“Overall, I found ‘Sicario’ artful and thought-provoking. The focus is intentionally narrow: Villeneuve portrays a battleground obscured by a permanent fog of war. The film succeeds in evoking the menace, paranoia, and ambiguity of the turf. ‘Sicario’ falls short for me in other aspects. While it has impeccably realistic moments, the federal agents broke the rules with a casualness (and lack of consequences) unlike anything I’ve reported on. I also would have liked more depth in the depiction of the Mexican side, though there’s a limit to what can be done in two hours. The first thing I look for in a drama like this is the authenticity of the characters—how they compare to the swashbuckling and ferocious ones I’ve met. Josh Brolin is convincing as the chief of the task force, a brash spy who drops enigmatic lines about his plan to ‘dramatically overreact’ against the cartel that has murdered dozens of people on the U.S. side of the border. Benicio Del Toro’s role as the brooding, relentless sicario is the best thing about the film. An early scene in which he shudders awake from a nap establishes him as a man who has nightmares—and inflicts them on others. The FBI agent played by Emily Blunt is refreshingly unglamorous. Her clashes with the CIA/Pentagon crew have a real-life basis in conflicts among U.S. agencies. Her mystified indignation becomes less credible, however, as she continues to tag along with the marauding unit. The lack of Hispanic characters on the U.S. law enforcement team surprised me. This is not an abstract issue of diversity in Hollywood; traveling the borderlands, you meet many sharp Hispanic federal agents making the most of their language and cultural skills.”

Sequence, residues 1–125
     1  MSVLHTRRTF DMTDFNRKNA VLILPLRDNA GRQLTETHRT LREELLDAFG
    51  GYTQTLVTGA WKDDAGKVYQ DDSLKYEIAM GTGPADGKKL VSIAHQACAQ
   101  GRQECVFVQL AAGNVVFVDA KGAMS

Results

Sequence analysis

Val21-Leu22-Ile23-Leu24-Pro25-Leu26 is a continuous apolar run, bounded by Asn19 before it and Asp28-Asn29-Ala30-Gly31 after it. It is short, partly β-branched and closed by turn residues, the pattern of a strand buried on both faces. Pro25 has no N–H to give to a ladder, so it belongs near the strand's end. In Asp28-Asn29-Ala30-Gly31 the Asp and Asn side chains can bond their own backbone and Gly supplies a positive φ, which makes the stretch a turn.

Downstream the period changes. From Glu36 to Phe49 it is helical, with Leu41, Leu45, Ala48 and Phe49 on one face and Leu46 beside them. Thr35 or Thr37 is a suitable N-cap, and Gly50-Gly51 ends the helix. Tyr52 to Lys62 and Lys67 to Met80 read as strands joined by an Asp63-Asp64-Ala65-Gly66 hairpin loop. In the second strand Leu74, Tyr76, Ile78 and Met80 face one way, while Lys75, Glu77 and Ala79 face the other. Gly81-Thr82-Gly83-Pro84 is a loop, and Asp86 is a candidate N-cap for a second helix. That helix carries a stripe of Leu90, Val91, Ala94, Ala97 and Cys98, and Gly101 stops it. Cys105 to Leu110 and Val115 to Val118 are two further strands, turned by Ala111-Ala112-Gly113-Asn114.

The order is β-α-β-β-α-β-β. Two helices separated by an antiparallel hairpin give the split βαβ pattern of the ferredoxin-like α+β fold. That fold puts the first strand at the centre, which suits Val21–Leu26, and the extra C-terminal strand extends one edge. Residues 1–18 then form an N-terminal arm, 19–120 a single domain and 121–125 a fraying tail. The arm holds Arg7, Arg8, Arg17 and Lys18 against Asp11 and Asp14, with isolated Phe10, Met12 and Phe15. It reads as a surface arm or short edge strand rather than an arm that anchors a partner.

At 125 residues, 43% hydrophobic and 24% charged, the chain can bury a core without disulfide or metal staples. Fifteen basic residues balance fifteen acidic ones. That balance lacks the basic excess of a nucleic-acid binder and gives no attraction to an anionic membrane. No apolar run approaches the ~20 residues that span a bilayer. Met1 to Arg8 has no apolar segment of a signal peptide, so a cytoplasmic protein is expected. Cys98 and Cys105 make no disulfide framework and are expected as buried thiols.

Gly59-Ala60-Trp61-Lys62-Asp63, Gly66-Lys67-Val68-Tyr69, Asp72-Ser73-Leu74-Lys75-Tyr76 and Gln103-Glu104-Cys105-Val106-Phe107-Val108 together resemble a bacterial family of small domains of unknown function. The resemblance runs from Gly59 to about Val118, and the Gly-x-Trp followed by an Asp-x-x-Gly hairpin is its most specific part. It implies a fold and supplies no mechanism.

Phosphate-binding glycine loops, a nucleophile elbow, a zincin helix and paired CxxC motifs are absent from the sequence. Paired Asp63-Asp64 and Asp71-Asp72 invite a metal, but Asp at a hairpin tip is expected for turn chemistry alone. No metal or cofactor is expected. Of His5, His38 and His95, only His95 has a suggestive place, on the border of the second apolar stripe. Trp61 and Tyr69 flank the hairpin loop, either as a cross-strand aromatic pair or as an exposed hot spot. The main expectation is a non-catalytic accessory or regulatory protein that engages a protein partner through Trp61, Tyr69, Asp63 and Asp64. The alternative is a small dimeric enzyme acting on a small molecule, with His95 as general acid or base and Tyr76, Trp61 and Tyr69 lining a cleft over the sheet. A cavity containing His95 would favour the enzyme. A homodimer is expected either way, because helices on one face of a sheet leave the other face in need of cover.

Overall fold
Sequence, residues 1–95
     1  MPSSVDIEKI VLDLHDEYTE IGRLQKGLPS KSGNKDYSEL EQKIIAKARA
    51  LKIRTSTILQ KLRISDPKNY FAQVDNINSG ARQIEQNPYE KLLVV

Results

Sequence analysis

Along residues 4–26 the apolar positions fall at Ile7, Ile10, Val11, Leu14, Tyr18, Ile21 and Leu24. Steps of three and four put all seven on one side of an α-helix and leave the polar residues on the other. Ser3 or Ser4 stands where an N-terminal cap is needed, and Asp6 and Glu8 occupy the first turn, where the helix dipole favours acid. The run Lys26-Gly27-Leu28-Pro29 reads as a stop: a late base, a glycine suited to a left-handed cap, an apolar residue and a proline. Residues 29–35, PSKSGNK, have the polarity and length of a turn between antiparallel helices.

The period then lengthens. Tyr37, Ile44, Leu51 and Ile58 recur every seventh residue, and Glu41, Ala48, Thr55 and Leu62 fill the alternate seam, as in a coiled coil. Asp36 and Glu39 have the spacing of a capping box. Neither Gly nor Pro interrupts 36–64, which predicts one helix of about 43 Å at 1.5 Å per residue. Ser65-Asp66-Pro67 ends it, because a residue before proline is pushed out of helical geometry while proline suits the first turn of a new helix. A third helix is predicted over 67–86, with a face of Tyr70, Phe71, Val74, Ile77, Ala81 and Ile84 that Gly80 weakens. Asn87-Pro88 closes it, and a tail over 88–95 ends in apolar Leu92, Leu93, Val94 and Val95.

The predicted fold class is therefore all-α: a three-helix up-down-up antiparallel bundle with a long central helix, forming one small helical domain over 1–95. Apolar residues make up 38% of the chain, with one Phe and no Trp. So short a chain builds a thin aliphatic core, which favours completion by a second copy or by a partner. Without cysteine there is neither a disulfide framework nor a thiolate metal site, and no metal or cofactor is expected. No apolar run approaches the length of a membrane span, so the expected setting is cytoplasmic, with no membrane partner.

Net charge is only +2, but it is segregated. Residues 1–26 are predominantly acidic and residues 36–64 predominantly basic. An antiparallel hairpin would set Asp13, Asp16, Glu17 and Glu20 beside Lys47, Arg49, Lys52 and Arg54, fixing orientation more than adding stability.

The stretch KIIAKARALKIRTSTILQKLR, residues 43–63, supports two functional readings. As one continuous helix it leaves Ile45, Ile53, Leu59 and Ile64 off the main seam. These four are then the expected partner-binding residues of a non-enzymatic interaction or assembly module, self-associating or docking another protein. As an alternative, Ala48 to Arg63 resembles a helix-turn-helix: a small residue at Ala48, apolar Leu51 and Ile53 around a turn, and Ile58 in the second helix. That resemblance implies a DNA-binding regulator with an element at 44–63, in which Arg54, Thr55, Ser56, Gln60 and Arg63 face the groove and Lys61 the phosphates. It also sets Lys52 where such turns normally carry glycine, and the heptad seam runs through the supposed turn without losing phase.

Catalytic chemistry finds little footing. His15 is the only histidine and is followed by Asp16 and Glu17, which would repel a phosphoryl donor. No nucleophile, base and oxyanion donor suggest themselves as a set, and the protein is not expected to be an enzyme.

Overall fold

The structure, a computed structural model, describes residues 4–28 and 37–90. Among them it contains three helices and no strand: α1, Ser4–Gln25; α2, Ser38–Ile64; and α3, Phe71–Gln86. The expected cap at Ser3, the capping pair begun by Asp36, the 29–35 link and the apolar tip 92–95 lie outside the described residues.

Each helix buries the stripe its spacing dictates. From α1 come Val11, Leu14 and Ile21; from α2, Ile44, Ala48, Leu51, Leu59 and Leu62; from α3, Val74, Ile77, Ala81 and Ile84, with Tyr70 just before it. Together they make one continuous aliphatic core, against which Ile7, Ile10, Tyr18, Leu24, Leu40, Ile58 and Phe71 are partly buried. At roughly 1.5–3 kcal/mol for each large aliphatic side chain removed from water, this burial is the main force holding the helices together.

"Chris Brown's 'Zero' Artwork Sure Looks Familiar" points out Kotaku's Brian Ashcraft.
38 years ago, in our very own galaxy, six actors posed for their final close-up in a film that went on to change their industry—and audience expectations—forever. If you had told them back then that they would all be reprising their roles in 2015, they would've dismissed such predictions as pure fantasy.